[Top][All Lists]

[Date Prev][Date Next][Thread Prev][Thread Next][Date Index][Thread Index]

Re: [Qemu-devel] Looking for an easy way to exchange data bidirectional

From: Henrik Nordstrom
Subject: Re: [Qemu-devel] Looking for an easy way to exchange data bidirectional between host and guest (including some suggestion)
Date: Wed, 8 Jun 2005 09:52:08 +0200 (CEST)

On Tue, 7 Jun 2005, John R. Hogerhuis wrote:

For the kind of thing I'm referring to is not usually very time
critical. The resolution is on the order of 15 to 30 minutes to an
hour... some stores get polled for data, the accounting system imports
the data and generates some reports which feed into other systems, etc.
Nothing particularly time critical.

Ok, so reading data from the guest may work in this situation, but you need to be careful to avoid races.

Updates in the other direction is harder however, unless vvfat is changed to emulate a floppy with floppy change notification and the guest has support for changing floppy "at random".

Of course, if I understand what you are saying it doesn't have to tell
vvfat though... all events pass through QEMU so you have a place to hook
events and there's no polling involved. The more stupid the guest's file
structure, the more feasible such a solution becomes. "Open/create" and
"write" and "seek" should be possible to recover, efficiently even, if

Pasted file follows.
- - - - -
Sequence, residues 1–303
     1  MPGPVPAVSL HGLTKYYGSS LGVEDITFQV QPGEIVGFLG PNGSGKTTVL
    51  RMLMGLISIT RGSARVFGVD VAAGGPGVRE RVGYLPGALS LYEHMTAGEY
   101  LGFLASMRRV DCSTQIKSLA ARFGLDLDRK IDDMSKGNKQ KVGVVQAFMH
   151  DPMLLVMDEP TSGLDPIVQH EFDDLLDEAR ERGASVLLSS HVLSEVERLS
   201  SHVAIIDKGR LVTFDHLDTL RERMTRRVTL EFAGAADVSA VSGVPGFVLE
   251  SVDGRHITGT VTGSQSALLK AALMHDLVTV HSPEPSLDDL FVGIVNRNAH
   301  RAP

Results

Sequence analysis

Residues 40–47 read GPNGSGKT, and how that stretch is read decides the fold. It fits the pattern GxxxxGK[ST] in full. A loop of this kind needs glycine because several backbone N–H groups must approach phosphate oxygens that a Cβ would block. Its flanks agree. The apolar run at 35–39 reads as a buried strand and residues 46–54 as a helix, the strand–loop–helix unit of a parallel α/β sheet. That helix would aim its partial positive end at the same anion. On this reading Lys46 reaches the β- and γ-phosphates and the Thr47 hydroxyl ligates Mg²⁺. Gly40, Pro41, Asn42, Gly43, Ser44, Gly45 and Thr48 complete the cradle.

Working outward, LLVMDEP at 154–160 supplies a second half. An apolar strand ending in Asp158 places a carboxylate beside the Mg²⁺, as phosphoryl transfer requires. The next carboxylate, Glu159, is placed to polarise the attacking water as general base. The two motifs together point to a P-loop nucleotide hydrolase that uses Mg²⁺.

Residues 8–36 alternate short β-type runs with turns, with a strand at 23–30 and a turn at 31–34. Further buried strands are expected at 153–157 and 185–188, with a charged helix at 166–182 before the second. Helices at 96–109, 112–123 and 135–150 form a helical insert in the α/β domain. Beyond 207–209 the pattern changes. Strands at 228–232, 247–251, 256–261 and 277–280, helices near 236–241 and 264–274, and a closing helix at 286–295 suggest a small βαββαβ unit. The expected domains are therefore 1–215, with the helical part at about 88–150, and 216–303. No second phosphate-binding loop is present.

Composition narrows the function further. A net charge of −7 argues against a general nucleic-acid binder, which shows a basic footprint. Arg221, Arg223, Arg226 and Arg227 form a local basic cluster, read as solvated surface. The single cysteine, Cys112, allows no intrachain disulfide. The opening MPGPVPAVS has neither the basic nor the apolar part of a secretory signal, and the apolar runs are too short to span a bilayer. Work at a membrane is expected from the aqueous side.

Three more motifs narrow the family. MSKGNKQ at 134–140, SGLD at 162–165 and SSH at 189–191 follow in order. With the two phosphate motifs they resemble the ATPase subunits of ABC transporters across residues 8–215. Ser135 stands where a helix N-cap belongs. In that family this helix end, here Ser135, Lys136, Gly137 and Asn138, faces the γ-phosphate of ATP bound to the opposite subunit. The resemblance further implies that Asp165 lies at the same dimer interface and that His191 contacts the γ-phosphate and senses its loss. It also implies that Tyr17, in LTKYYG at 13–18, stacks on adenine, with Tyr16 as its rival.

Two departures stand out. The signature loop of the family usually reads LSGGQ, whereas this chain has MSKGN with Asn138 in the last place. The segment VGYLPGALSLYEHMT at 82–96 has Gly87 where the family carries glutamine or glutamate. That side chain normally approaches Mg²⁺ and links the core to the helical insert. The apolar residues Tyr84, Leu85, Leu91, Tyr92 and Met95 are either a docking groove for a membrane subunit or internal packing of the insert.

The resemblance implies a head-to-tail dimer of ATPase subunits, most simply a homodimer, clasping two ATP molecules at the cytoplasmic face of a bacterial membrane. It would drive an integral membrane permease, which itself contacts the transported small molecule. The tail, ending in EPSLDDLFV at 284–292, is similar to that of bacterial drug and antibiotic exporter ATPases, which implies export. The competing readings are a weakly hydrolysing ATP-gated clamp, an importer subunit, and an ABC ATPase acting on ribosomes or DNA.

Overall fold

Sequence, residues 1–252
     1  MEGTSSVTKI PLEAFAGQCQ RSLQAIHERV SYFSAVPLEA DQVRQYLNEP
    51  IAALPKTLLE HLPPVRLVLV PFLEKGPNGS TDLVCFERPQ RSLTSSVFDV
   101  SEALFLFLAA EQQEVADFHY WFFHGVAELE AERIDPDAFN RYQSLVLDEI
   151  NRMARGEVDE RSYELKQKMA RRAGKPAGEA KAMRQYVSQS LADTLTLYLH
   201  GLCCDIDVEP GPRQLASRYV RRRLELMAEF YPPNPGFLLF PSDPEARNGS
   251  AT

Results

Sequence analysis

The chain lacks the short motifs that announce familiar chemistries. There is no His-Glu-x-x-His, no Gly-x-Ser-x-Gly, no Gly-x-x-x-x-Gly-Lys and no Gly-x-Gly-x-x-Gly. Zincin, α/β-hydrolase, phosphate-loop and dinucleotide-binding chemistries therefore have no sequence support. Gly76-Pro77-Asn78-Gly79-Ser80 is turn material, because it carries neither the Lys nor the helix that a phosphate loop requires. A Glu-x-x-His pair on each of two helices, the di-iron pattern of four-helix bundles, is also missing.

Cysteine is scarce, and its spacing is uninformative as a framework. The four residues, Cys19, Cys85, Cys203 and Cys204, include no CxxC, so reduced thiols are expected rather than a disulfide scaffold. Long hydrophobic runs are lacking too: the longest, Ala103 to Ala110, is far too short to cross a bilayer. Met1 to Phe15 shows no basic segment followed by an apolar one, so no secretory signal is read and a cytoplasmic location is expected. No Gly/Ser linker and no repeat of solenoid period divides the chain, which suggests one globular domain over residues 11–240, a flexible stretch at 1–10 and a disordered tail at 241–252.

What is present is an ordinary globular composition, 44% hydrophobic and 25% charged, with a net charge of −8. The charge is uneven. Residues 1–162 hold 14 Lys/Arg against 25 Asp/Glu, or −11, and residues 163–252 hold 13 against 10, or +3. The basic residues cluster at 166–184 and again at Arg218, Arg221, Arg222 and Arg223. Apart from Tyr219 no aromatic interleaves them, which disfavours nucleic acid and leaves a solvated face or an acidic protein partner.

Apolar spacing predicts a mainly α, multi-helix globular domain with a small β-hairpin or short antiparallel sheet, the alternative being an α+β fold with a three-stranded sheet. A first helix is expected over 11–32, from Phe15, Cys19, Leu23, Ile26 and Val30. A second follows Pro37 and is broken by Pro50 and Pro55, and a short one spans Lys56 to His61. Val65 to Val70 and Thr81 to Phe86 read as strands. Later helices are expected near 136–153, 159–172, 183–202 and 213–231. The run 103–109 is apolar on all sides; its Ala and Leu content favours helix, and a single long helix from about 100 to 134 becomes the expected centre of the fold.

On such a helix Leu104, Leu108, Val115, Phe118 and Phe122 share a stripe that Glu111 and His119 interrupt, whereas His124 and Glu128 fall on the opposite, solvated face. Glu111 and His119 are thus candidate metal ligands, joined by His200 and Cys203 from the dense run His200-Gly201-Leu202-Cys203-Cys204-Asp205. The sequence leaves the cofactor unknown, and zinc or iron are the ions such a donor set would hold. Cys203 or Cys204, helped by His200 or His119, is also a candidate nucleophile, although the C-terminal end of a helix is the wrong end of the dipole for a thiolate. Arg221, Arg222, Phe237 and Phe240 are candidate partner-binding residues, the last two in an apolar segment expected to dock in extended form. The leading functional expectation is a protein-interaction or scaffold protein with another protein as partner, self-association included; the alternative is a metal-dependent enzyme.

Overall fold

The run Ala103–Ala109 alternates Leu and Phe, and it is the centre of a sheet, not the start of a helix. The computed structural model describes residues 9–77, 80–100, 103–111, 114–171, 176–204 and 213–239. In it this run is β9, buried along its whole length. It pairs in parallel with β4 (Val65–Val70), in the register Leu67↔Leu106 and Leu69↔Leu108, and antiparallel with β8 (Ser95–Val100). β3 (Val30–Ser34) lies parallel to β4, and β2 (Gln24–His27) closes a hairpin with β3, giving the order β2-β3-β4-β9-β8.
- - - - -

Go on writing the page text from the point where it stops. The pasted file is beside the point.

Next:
you maintain a hash table or other data structure which lets you go from
block # to file (or block # to free space).

I guess the event you would be missing is "close," but a idle timeout is
probably a decent heuristic. Also if the file is locked, that would have
to be mimiced.

The concept of "file" does not exist at this level, only blocks of data on a block device (hdd, floppy, cdrom etc, a long series of blocks to the size of the device).

To make it look like files qemu has to make it look like a block device with a block based filesystem on, and for write support the emulation must support any kind of modifications to the block level filesystem the guest may do.

There is several big issues involved in providing write support

a) On guest writes, the emulation must have a very good understanding of how the guest writes to the emulated filesystem to allow it to piece together the block level writes and map this to the files it is supposed to represent on the host.

b) On host writes it must detect changes in the directory and reflect this into the block level filesystem structure. You also have to battle with filesystem and block level caches in the guest to make the guest see the updated block level filesystem structure.

The only sane way of having a concept of files is to rely on the networked filesystems (SMB/NFS/FTP/whatever), but this obviously requires networking. Networked filesystem works on a file level.


reply via email to

[Prev in Thread] Current Thread [Next in Thread]